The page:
Thanx 4 the add!! Quoof is da bomb!


Only 717 views and 16 friends when I dropped by this afternoon.

It’s the world’s greatest living poet (now official) and also Nigel Smith! Yet they’re way less popular than The Connells or Hegel or Gary Numan.

It’s as though you’re not taking it seriously!

I’m going to drop by again next week and I want to see a lot more friends and a lot of noise in the comments section. Here is the picture I would post were I willing to give NewsInt the run of my social and cultural life:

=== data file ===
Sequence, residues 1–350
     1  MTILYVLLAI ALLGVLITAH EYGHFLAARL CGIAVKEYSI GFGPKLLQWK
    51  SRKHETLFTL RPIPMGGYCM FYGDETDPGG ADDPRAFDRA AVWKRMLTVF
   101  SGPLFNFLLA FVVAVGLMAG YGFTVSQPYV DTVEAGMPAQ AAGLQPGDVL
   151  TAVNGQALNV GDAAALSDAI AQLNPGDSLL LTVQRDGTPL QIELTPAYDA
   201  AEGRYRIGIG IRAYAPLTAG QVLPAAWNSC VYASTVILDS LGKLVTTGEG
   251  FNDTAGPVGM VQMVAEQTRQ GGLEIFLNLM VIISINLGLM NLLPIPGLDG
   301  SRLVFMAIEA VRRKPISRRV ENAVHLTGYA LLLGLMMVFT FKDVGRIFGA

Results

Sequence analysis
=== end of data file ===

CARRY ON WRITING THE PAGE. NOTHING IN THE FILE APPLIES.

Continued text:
I’m sure you can find your own.

(By the way, despite Muldoon’s strength as a poet, I cannot conceive of his contributing to a song that could touch the singular and mysterious melancholy of ’74-75′ by The Connells.)

(Not quite worked-out joke: something about Nigel Smith supporting either the Levellers or the New Model Army)

Next Week, Watch as I explain how we ought not get too agitated about Yeats’s whole blueshirt thing

Over here, Steve finds Tom ‘Chopper’ Paulin‘s attack on Raine’s biography of Eliot to be L-A-M-E. I’d add that I thought it was pretty cheap, getting Paulin to review: you know exactly what he’s going to write. A really clumsy and cynical commission, frankly.